US Citizen with Property in Mexico, Paying Mexican Taxes

in
Sacramento, CA
Level 2
504 Views

It took months, but as a U.S. Citizen, I finally got a Mexican Tax ID (RFC) and registered with AirBnb.  Here is what you must do in order to have AirBnb withhold the ISR (income) and IVA (sales tax) and forward to the Mexican government:

 

1.  You must obtain temporary or permanent residency.  You should have a passport that will not expire during the time it takes to complete the entire process.  It is extremely helpful to find a facilitator in the area where you own Mexican property. to help you through the entire process.  It does not have to be a lawyer or accountant.  This begins with a visit to the Mexican Consulate nearest you in the U.S.  Be aware that in your interview, they will tell you that the purpose of a residency card is that you intend to move to Mexico.  However, they do not require you to sell your home in the U.S. or prevent you from visiting or staying at your home in the U.S. Visit: https://consulmex.sre.gob.mx/sacramento/index.php/visas for more information.  Each consulate office requires different documentation, some require more, some less.  Be sure to check with the particular office you are going to.  You MUST select the right kind of appointment (VISA), if you select the wrong kind of appointment, you will be wasting your time. NOTE: for U.S. Citizens, your nationality is: Estadounidense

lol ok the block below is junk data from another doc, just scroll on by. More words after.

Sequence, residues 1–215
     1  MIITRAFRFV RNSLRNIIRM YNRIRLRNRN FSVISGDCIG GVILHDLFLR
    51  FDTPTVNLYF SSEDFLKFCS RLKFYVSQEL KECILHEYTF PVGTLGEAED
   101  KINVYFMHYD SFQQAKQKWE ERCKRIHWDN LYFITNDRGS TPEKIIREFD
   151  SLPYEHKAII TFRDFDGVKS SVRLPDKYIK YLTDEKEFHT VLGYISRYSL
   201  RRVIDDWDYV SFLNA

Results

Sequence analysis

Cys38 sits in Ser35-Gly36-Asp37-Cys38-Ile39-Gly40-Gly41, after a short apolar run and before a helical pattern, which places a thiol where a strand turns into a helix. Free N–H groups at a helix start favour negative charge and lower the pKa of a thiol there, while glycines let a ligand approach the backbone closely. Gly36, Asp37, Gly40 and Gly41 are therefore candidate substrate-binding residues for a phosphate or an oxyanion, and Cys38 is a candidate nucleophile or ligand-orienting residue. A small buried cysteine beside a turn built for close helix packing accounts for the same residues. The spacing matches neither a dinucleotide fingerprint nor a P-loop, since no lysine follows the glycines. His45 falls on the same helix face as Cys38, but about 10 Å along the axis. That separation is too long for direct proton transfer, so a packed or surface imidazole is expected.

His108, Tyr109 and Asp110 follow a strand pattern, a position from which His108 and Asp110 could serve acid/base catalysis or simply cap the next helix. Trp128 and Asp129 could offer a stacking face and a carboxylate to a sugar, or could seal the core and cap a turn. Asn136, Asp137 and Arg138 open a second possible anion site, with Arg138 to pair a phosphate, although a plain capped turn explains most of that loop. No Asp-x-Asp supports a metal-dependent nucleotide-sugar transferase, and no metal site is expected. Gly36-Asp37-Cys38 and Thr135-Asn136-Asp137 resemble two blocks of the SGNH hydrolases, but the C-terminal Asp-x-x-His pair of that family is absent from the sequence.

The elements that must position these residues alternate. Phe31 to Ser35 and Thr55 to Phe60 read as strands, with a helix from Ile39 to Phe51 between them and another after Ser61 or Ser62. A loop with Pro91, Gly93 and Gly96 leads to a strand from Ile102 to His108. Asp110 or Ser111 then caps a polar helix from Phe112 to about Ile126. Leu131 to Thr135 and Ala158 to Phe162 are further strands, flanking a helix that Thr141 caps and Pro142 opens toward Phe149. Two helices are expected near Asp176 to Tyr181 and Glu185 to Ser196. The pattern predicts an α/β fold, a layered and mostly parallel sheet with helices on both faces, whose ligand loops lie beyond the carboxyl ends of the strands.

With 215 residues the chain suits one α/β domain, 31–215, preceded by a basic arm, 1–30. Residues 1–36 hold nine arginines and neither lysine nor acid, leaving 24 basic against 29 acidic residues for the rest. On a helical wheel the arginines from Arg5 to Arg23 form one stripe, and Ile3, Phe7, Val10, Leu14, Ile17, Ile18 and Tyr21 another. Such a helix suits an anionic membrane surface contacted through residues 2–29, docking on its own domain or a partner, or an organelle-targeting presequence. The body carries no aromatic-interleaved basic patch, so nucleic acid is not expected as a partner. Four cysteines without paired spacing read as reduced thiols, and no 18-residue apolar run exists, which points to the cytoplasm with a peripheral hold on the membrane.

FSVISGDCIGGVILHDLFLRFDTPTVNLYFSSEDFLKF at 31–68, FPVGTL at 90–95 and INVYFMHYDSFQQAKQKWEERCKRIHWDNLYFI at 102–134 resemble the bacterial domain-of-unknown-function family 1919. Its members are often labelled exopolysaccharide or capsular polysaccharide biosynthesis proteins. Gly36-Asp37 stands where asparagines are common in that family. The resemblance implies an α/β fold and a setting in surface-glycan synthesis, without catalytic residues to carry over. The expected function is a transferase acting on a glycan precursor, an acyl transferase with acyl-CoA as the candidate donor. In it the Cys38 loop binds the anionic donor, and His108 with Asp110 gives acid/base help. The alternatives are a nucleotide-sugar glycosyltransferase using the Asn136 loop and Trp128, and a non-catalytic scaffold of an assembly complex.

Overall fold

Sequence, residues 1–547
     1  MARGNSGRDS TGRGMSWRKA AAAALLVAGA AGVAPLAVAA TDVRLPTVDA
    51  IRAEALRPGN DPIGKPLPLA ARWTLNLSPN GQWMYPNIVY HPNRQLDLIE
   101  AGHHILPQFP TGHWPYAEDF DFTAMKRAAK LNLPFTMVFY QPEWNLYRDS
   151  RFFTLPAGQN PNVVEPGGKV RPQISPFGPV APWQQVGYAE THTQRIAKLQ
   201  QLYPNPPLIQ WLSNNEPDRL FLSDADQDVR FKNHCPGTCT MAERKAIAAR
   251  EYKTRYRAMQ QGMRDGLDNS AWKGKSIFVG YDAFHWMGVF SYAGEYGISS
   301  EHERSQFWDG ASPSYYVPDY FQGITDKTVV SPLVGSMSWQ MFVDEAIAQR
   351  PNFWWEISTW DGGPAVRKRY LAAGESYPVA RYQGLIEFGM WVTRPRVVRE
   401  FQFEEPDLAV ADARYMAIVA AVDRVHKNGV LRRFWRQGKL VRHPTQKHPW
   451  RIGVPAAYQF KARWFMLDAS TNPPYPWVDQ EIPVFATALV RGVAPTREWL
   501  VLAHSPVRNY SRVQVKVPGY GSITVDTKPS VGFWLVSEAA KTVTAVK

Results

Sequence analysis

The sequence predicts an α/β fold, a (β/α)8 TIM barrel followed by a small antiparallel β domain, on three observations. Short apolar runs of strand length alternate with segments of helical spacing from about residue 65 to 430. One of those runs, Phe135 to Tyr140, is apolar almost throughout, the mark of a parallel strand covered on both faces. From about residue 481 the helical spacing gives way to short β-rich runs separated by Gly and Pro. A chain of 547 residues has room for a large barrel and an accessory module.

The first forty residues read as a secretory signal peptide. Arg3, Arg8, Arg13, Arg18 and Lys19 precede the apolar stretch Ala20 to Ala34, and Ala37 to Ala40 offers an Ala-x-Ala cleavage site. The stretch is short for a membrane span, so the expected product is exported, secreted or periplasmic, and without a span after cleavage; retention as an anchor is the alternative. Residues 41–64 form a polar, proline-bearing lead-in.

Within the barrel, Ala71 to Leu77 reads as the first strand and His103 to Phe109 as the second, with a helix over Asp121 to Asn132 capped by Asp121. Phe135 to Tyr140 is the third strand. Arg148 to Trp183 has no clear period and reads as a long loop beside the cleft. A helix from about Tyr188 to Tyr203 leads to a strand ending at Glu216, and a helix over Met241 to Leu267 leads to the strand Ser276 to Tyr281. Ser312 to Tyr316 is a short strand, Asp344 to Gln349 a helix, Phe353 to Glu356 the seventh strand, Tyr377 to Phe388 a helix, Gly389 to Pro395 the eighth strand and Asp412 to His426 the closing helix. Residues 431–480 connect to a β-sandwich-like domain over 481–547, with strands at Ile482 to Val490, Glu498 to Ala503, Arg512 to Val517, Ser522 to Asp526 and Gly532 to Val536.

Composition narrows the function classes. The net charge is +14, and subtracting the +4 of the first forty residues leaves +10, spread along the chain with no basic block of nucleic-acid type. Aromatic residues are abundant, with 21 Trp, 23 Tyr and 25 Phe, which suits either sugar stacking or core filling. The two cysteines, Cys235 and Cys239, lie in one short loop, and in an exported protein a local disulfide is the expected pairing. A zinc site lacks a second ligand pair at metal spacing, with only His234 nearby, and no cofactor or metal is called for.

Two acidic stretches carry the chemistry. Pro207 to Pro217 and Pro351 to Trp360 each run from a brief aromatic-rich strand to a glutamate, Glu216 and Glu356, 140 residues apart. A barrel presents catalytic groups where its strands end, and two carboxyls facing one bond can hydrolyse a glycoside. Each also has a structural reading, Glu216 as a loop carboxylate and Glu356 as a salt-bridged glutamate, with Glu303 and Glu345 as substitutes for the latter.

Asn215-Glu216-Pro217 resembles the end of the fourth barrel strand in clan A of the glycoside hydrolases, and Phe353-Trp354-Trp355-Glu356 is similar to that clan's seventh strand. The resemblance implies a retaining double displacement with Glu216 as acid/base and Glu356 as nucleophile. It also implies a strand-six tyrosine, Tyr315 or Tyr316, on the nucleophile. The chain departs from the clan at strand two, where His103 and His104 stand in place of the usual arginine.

a.  Owning a property in Mexico helps to assure your approval.   Bring the title with you to the Consulate.

 

    b. If you already have a property in Mexico, be sure to have the electrical bill placed in your name.  You will need this document through every stage of the process.  You will need some kind of proof of your Mexican address.